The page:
Sensitive as well as spectacular performances by Darryl Yokley primarily on tenor but also alto sax (tracks 4 and 12) with members of Sound Reformation Zaccai Curtis piano, Luques Curtis bass and Gimbri, Wayne Smith J.R. drums and chains and special guest Nasheet Waits drums. The superb wind ensemble Yokley assembled for this disc are Kevin Willois and Ellen Fisher Deerburg flutes; Marie Trudeau oboe and English horn; Kenneth Ellison and Deno Orkin clarinets; Gregory Riley bass clarinet; Zachary Feingold bassoon, Jonathan Powell and Josh Lawrence trumpets; Marshall Sealy French horn; David Gibson trombone and Brent White bass trombone.
Visual artist/collaborator David Emmanuel Noel describes the pageant of Yokley’s vision in Pictures at an African Exhibition as “capturing a continent’s milestones, from the celebration of life and execution of cultural creativity, to human struggle and the emancipation of a diaspora.” Yokley’s music is the source material for this CD and is by itself complete, When the listener also takes time to pair the music with Noel’s artwork for each track (easily accessible online), the aesthetic reward doubles. Mussorgsky and painter Vicktor Hartmann found each other and created a masterpiece together. So too, composer Darryl Yokley and visual artist David Emmanuel Noel. Art begets art.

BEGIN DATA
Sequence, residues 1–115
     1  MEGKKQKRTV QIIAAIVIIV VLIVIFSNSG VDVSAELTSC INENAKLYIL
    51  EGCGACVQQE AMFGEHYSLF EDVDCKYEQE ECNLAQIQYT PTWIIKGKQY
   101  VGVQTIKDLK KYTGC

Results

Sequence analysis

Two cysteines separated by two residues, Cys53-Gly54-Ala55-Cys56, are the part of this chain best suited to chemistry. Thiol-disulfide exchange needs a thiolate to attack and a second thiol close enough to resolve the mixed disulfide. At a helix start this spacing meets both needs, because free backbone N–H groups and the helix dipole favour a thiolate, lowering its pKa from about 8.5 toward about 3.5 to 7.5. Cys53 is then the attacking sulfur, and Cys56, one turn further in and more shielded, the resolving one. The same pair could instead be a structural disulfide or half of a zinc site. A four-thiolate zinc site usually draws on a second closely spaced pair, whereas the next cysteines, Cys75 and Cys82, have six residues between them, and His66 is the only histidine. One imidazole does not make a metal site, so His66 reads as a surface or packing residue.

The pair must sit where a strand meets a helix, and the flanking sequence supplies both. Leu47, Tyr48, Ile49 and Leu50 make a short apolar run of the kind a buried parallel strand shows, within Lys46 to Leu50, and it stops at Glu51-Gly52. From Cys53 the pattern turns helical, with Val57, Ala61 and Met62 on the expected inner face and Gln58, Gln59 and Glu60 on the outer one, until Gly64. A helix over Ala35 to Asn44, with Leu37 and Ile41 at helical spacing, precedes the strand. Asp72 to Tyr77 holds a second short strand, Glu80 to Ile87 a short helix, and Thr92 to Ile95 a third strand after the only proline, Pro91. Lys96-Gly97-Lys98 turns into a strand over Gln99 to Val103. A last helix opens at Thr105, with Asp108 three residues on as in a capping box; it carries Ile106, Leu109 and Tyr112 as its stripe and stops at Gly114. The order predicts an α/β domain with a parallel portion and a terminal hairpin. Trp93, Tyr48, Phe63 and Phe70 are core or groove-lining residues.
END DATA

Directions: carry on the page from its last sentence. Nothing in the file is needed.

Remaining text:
American composer Rain Worthington channels her spirit through the medium of chromatics; repetitive descending half step fragments become gateways to her deeply personal sound world. Worthington’s 2016 Navona Records release Dream Vapors expresses poignantly, the composer’s fascination with reality and unreality, how modality and meditative pulse can channel and inform. There are seven tone poems on this disc, each illustrative of Worthington’s fascinating and idiomatic subconscious.
Shredding Glass, Reversing Mirrors in the Quiet, Tracing a Dream, Fast Through Dark Winds, Within a Dance, Yet Still Night and Of Time Remembered are indeed vaporous; reflections on emotional remembrance, cathartic experience, continuation and disintegration. The composer has not charted an easy journey for her listeners, yet when embraced with open mind and ears, the cumulative effect of these dramatic meditative projections in sound is cleansing. Outstanding and beautifully balanced audio engineering adds luster to performances by the Czech Philharmonic (Shredding Glass, Yet Still Night); Moravian Philharmonic (Reversing Mirrors in the Quiet, Fast Through Dark Winds, Within a Dance, Of Time Remembered ) and Russian Philharmonic (Tracing a Dream).